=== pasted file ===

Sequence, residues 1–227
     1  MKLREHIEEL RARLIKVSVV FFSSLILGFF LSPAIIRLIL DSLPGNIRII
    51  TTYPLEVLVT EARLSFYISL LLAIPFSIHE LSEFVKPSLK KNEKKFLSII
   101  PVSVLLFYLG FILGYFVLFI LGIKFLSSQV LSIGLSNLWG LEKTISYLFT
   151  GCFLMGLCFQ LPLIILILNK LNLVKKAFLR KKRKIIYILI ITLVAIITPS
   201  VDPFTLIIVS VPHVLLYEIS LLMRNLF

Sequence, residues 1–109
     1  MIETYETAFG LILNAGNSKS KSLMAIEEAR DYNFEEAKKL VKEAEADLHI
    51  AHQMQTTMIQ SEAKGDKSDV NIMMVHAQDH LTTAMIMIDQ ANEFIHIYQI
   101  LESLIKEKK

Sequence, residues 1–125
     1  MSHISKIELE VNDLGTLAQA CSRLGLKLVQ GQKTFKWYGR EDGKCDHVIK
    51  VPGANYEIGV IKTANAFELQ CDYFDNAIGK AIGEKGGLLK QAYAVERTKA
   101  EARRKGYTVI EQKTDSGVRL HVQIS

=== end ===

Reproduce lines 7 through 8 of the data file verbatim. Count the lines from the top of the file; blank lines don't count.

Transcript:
Sequence, residues 1–109
     1  MIETYETAFG LILNAGNSKS KSLMAIEEAR DYNFEEAKKL VKEAEADLHI